The Pentagon is reportedly making arrangements to lift the ban on transgender people serving in the military as soon as this week.
The Associated Press reports that once the ban is lifted, the military will have a pre-set transitional period (that language is merely coincidental):
They say the military would have six months to determine the impact and work out details, with the presumption that they would end one of the last gender- or sexuality-based barriers to military service.
The officials say that during the transition, transgender individuals would still not be able to join the military. Decisions to force out those already serving would have to be referred to a top Defense Department leader.
Around 15,500 transgender individuals currently serve in the military, according to UCLA’s Williams Institute. However, as the policy currently stands, being transgender is considered a mental disorder that would make all of these people unfit to serve. The Pentagon has not publicly disclosed how many transgender service members have been discharged because of their gender identities.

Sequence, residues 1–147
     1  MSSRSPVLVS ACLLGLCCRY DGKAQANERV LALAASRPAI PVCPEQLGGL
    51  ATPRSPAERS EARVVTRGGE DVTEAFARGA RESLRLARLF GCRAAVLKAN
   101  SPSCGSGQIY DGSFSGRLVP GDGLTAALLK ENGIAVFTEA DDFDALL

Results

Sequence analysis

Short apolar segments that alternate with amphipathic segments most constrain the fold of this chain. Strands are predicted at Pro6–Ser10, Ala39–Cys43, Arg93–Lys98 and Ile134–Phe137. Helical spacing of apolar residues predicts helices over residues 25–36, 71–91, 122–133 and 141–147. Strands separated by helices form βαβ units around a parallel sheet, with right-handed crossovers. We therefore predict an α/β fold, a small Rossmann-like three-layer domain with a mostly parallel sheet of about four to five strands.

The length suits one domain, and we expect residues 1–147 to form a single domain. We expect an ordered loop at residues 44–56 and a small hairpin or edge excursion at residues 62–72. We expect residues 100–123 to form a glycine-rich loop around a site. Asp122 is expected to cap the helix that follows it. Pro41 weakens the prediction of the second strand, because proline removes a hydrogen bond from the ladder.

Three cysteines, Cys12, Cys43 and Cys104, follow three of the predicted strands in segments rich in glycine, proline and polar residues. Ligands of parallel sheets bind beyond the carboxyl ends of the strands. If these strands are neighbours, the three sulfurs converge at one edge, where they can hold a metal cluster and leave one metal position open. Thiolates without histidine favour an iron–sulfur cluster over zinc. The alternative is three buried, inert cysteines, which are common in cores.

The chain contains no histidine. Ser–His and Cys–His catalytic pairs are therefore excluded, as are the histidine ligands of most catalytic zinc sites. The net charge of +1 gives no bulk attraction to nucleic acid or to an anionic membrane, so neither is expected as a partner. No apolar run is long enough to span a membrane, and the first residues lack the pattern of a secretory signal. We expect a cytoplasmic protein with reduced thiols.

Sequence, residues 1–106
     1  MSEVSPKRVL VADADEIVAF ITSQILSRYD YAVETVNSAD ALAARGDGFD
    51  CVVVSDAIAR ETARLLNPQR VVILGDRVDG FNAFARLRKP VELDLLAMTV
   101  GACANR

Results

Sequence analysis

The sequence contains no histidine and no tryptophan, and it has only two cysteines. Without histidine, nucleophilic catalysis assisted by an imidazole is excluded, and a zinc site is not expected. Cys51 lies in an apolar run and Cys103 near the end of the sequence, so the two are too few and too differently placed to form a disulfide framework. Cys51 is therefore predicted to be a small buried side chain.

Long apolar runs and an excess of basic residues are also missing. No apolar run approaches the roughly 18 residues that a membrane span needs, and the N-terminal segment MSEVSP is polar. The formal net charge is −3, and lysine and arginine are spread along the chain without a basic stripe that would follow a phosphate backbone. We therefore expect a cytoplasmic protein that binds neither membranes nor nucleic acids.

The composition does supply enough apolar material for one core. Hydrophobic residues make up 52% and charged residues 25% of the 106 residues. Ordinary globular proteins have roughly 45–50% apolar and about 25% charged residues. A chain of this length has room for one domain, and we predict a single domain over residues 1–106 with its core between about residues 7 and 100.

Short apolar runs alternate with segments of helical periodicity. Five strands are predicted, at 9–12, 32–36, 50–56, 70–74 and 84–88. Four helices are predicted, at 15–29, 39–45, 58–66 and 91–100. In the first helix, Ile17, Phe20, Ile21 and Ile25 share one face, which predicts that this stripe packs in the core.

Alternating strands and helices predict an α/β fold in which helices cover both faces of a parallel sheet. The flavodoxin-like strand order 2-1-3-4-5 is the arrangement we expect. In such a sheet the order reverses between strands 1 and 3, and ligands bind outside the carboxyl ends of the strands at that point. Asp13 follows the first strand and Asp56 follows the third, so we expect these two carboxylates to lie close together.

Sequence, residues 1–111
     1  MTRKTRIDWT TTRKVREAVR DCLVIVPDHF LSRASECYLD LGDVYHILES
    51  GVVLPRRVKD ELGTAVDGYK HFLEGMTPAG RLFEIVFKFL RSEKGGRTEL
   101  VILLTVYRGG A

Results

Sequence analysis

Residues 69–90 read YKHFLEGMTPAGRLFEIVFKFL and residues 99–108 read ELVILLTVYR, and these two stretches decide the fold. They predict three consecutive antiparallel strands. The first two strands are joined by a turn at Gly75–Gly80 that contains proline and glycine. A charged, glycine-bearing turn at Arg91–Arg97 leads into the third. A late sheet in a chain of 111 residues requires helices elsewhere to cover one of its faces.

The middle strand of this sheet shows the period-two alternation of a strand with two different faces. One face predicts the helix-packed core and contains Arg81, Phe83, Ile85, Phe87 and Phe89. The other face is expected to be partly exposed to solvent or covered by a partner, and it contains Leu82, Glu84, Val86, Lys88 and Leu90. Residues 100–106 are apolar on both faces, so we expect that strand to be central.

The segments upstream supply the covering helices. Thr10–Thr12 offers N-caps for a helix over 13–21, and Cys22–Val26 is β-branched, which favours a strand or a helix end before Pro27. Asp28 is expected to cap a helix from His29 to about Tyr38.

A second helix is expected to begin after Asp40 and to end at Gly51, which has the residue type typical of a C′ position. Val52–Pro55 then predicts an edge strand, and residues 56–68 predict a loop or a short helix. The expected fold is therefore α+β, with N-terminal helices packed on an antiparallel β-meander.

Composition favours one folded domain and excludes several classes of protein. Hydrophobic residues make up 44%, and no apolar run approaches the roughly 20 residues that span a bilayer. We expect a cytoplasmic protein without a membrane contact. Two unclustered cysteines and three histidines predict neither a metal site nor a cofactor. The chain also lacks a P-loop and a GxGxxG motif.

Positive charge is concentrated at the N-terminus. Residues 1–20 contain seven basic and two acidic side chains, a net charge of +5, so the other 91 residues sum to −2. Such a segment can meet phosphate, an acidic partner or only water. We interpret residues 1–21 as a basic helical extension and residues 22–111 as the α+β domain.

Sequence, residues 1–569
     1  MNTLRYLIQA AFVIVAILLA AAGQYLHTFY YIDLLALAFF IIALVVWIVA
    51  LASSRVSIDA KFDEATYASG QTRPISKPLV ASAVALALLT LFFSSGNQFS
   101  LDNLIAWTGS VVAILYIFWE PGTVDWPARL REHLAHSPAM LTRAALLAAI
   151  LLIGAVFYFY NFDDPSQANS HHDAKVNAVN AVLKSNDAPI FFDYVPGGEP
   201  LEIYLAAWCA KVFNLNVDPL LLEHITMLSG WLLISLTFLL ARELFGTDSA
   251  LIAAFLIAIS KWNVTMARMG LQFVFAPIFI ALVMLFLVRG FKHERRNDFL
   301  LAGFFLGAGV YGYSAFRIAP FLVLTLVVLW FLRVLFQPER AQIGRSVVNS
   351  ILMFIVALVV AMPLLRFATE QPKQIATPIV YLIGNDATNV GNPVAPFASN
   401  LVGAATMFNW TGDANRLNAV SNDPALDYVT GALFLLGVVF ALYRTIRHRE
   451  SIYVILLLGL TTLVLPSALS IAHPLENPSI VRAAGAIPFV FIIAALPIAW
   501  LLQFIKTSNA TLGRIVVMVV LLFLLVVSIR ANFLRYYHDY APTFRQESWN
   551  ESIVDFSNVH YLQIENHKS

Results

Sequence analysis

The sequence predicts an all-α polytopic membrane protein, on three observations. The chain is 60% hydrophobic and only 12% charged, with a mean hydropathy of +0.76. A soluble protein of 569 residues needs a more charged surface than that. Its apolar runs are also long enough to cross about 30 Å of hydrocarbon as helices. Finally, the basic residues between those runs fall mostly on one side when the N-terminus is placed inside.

Last month, Defense Secretary Ash Carter spoke at an LGBT pride month event at the Pentagon, during which he called for increased diversity in the armed forces—although he abstained from mentioning transgender service members.
“Embracing diversity and inclusion is critical to recruiting and retaining the force of the future. Young Americans today are more diverse, open, and tolerant than past generations,” he said. “If we’re going to attract the best and brightest among them to contribute to our mission of national defense, we have to ourselves be more diverse, open, and tolerant, too. It’s the only way to compete in the 21st century.”
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